Tech Briefs

Current research involves a quantumlike aspect of mental-to-motor feedback.

A program of research is dedicated to development of a mathematical formalism that could provide, among other things, means by which living systems could be distinguished from non-living ones. A major issue that arises in this research is the following question: What invariants of mathematical models of the physics of systems are (1) characteristic of the behaviors of intelligent living systems and (2) do not depend on specific features of material compositions heretofore considered to be characteristic of life?

This research at earlier stages has been reported, albeit from different perspectives, in numerous previous NASA Tech Briefs articles. To recapitulate: One of the main underlying ideas is to extend the application of physical first principles to the behaviors of living systems. Mathematical models of motor dynamics are used to simulate the observable physical behaviors of systems or objects of interest, and models of mental dynamics are used to represent the evolution of the corresponding knowledge bases. For a given system, the knowledge base is modeled in the form of probability distributions and the mental dynamics is represented by models of the evolution of the probability densities or, equivalently, models of flows of information.

At the time of reporting the information for this article, the focus of this research was upon the following aspects of the formalism: Intelligence is considered to be a means by which a living system preserves itself and improves its ability to survive and is further considered to manifest itself in feedback from the mental dynamics to the motor dynamics. Because of the feedback from the mental dynamics, the motor dynamics attains quantumlike properties: The trajectory of the physical aspect of the system in the space of dynamical variables splits into a family of different trajectories, and each of those trajectories can be chosen with a probability prescribed by the mental dynamics.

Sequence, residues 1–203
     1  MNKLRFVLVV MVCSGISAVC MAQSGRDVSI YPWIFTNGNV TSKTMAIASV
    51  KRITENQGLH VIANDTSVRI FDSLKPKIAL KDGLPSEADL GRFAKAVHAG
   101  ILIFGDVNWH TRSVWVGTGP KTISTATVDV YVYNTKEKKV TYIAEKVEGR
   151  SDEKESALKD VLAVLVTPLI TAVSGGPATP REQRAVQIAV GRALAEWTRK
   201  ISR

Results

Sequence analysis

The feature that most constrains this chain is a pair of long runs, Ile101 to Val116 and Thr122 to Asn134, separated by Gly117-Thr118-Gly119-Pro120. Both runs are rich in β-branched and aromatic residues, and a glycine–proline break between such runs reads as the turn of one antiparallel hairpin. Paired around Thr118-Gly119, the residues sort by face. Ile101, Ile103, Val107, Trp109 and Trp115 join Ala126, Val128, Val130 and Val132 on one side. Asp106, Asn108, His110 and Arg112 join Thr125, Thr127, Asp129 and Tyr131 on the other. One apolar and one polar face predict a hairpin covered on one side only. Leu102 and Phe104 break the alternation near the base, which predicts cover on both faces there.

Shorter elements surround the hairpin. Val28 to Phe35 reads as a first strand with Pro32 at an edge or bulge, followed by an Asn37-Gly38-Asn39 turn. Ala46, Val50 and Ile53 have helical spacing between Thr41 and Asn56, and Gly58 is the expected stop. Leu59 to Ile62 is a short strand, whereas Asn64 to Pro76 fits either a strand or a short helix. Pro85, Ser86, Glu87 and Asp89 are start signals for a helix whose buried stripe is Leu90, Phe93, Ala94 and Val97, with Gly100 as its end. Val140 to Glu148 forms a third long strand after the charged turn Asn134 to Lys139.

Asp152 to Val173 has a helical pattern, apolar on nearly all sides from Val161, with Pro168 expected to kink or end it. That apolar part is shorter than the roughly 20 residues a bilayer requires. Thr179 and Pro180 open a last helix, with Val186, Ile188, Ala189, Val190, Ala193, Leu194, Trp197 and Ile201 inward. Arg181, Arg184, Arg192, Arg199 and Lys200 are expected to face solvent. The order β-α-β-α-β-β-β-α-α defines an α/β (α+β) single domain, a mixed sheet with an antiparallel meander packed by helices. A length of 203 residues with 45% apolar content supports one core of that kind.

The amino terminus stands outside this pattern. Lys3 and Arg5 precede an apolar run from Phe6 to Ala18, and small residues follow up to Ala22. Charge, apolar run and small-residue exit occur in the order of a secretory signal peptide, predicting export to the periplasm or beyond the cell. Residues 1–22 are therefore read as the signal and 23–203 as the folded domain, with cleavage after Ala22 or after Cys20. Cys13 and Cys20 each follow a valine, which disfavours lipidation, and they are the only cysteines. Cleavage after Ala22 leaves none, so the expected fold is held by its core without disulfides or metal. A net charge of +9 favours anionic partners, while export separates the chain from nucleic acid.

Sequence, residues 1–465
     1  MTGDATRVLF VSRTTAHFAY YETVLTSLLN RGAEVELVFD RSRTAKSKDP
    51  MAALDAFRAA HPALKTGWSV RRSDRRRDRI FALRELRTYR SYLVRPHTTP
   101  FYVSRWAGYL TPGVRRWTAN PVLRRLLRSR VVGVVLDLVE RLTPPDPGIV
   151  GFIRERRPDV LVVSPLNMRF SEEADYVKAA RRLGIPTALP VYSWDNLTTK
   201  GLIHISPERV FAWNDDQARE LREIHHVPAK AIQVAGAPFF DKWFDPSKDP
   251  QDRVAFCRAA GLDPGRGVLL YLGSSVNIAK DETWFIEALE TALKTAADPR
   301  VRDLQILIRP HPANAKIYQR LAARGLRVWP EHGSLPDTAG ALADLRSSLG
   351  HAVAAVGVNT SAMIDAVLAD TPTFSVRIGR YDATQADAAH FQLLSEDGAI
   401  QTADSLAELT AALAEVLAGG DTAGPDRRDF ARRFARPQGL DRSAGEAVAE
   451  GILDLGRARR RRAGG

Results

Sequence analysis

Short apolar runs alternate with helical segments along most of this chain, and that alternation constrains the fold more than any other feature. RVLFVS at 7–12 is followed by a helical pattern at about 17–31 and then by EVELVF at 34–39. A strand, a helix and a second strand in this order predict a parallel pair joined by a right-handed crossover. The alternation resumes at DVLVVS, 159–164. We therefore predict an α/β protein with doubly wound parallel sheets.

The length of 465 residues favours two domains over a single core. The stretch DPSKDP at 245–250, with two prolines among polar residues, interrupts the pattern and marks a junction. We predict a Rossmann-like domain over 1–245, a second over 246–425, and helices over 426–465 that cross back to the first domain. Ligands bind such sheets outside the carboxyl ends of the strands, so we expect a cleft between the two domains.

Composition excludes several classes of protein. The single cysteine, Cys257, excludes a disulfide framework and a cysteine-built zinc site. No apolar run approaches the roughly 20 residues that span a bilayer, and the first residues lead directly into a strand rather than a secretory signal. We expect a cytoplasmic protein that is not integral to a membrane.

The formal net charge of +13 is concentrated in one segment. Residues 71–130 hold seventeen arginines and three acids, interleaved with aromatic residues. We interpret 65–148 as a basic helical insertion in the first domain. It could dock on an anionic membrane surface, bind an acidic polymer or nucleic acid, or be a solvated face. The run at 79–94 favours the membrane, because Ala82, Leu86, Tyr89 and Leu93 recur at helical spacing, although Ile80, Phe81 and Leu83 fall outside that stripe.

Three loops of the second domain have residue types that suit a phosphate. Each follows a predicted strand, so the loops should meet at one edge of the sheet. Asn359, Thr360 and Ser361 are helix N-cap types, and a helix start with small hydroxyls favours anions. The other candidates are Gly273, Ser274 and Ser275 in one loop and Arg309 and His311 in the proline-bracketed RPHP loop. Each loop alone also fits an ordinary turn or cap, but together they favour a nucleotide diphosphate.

From a slightly different perspective, the mechanism of decision-making is feedback from the mental dynamics to the motor dynamics, and this mechanism provides a quantumlike collapse of a random motion into an appropriate deterministic state, such that entropy undergoes a pronounced decrease. The existence of this mechanism is considered to be an invariant of intelligent behavior of living systems, regardless of the origins and material compositions of the systems.

This work was done by Michail Zak of Caltech for NASA’s Jet Propulsion Laboratory.For more information, contact This email address is being protected from spambots. You need JavaScript enabled to view it.. NPO-46085

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